by H. Vaz
Tortola Cottage and Hide-away
|As we parked the Jeep Wrangler I wondered if this parking space was even close to what was considered safe by code enforcement in the US. We had our heavy vehicle and heavy selves on a thick concrete slab with about half overhanging a large cliff. The benefit of our risk was obvious. It was georgous. Deep blue water faded into tourquise near the beach. There were darker spots in the water where fertile reef systems rested. It was almost like being an eagle gliding over pristine beaches. I say almost because there was no grace involved in us arriving at our parking spot.
It took winding narrow roads to get to the driveway. The driveway was so steep the Jeep puttered and spinned its wheels. The turns were so sharp to accomodate the grade that we made three or four point turns to make them. This was one time I was happy my husband was driving. I was constantly thinking, "no big deal if we don't meet anyone". But, of course, we did ALWAYS meet someone. And always on a sharp curve. They'd be speeding along as if they had no concern at all.
So, after a little breath holding we reached our parking lot in the sky. We were there to stay in a little orange cottage down it's waverly path. Inside it was basic. Kitchen, table, tiny bath, and bed with mosquito netting. But outside, past the table were double doors that lead to a wooded balcony painted to match to island colors. The balcony overhang the same mountainous incline as the driveway, but was hidden with wild foliage dotted with pink and yellow blossoms. The view overlooked the same magnificant water as the parking space, but with the added bonus of a direct view of nearby islands and sandbars.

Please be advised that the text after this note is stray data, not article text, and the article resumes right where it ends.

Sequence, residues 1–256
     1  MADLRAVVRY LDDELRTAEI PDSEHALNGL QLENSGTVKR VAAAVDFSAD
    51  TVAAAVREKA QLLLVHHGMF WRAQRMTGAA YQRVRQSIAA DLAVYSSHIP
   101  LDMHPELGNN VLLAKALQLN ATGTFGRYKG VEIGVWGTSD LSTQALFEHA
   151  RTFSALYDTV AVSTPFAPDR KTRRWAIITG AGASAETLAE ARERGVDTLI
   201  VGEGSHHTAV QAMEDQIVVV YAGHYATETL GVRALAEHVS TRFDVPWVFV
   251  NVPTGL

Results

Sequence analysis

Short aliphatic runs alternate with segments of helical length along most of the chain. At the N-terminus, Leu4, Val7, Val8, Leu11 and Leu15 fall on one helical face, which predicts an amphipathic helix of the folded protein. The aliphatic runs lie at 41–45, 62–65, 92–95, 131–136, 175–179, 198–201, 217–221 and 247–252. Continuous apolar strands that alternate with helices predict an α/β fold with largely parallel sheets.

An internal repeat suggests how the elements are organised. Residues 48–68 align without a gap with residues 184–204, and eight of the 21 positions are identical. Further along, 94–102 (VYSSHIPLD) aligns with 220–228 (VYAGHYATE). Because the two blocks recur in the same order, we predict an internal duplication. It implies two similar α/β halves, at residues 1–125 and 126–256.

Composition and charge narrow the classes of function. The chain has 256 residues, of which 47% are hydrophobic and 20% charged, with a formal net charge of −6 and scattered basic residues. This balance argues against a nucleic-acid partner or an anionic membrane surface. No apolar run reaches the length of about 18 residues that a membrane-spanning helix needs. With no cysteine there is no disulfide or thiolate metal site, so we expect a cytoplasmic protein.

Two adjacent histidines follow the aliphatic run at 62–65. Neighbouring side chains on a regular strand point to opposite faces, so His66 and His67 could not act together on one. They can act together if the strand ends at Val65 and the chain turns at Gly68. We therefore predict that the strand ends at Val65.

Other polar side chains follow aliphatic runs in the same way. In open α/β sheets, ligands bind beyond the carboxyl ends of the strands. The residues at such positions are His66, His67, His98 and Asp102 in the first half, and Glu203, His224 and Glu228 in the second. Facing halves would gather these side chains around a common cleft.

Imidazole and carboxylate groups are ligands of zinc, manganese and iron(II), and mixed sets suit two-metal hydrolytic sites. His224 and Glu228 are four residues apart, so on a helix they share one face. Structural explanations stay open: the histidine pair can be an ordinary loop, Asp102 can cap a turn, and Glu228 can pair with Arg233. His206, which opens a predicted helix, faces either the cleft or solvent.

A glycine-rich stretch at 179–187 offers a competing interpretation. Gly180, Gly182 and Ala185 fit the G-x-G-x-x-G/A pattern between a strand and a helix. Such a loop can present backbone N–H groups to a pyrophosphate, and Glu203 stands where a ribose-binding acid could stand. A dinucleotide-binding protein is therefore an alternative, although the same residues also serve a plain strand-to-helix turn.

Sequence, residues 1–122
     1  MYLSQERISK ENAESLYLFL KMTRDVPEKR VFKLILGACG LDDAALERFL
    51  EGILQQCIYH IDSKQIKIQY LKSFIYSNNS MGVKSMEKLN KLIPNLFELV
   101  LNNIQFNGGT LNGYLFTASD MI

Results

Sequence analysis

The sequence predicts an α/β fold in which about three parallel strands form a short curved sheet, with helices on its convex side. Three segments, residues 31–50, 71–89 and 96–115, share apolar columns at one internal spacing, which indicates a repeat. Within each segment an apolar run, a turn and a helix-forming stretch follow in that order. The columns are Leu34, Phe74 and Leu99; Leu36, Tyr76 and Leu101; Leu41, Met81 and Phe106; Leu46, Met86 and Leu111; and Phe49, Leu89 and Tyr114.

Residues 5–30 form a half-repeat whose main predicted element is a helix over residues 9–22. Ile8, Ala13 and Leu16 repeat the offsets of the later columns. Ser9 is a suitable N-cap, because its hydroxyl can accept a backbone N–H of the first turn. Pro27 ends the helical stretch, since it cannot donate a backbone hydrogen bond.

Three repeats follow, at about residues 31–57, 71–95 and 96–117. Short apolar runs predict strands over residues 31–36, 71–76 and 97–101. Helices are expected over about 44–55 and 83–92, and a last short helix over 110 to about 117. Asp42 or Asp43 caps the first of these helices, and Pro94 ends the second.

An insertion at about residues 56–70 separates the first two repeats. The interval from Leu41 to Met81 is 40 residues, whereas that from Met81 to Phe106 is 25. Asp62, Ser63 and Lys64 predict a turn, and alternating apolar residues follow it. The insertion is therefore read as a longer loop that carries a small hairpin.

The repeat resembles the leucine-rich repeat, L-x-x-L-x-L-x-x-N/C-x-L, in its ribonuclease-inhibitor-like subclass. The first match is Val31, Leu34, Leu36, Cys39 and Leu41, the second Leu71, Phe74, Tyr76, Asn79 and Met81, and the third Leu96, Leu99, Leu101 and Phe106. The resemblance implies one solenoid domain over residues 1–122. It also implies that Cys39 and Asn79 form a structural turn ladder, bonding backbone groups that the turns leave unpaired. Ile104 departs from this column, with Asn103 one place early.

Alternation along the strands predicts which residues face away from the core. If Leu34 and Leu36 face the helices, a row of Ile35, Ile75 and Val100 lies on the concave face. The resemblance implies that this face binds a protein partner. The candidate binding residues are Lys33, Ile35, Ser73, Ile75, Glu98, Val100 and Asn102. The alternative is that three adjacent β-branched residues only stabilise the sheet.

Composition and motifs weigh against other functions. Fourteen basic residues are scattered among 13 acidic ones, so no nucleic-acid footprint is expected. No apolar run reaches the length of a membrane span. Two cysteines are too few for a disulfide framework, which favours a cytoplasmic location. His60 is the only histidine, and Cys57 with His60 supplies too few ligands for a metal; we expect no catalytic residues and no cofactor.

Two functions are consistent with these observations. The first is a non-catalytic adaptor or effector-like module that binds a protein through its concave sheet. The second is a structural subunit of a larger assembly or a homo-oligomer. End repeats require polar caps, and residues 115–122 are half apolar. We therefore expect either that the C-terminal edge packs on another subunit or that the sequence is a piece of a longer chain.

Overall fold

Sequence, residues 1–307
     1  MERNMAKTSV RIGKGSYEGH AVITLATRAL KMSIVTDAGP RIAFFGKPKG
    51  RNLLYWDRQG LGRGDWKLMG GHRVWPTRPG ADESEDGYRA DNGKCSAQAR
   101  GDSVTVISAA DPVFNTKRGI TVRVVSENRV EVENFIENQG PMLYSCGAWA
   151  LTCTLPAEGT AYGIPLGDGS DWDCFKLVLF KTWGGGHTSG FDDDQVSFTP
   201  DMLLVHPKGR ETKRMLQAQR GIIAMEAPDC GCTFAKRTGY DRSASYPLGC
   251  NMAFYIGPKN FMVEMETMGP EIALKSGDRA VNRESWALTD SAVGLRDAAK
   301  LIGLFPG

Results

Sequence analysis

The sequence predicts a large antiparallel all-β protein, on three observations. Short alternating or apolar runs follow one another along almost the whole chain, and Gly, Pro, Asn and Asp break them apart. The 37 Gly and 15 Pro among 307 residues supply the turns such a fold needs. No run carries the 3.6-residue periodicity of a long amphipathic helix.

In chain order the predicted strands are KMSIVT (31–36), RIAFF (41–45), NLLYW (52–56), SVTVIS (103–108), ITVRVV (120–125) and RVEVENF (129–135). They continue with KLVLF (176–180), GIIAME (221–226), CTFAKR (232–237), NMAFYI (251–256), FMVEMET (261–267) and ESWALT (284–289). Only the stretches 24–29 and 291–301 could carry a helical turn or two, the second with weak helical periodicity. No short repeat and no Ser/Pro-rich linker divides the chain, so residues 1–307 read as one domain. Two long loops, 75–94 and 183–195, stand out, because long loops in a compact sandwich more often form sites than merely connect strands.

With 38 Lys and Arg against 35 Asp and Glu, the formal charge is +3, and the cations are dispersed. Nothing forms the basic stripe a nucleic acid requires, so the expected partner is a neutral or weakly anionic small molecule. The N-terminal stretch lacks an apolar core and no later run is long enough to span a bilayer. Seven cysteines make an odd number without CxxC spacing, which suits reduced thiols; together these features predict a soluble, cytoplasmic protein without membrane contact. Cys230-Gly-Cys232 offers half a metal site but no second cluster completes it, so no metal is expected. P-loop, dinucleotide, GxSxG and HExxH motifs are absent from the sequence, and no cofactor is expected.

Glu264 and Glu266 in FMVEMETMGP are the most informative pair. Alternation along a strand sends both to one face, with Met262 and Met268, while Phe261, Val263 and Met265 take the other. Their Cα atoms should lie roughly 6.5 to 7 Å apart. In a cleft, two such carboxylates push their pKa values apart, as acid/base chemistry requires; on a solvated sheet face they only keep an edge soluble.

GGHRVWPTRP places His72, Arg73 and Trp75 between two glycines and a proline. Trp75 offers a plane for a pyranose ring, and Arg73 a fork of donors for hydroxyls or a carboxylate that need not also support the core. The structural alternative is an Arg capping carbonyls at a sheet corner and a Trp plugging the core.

We decided to leave our hillside isolation to experience some island flavor. It's a quick education on an areas culture. We were in the British Virgin Islands, but I don't remember too many things British about it, except the elderly tourists spilling out of the cruise ships at port in Road Town.
Tortola is truely Carribean in essence. Most natives are descendents of the slave trade. I'd say they are a little more guarded that other islands, but once a realtionship is established, your in. One night after walking around from restaurant to bar to bar...We decided to go past the tourist section of road town. This was mostly due to me seeing some drunk American guys (or boys) making sexual gestures at the native waitress. So we ditched the "tourist" scene.
We walked for a half-mile and saw there were many locals walking and hanging out in the area. We stopped a young man and asked him where was a good place to go and he immediately told us "the green truck". Within view was an old delivery van painted green with a large window cut out the side parked beside the church. From the condition, it was clear it didn't operate anymore. I really wasn't sure if I was up for the truck until I got close enough to smell the fried fish and chicken aroma coming out of the smoke. We went for it. One of each. A whole fried fish, and the whole thigh and drumstick deep fried without batter. Just it's natural skin fried crisp. They sold cold beer and rum and cokes for us to wash it down. Beside the truck was a plastic picnic table so we sat down with some other locals and enjoyed an unforgettable meal. It became evident that we stumbled upon a local favorite. Folks pulled up the curb, slapped on their flashers and got in line at the truck (or van, as I thought it was). There was a constant stream of locals. Each of them took a second look when they saw us, as we were obviously tourists. I felt proud to have found their green truck.
The next morning we were driving our rent-a-jeep around. As we came upon the round about where the church we expected to see the green truck where it was last night. But, somehow it wasn't there.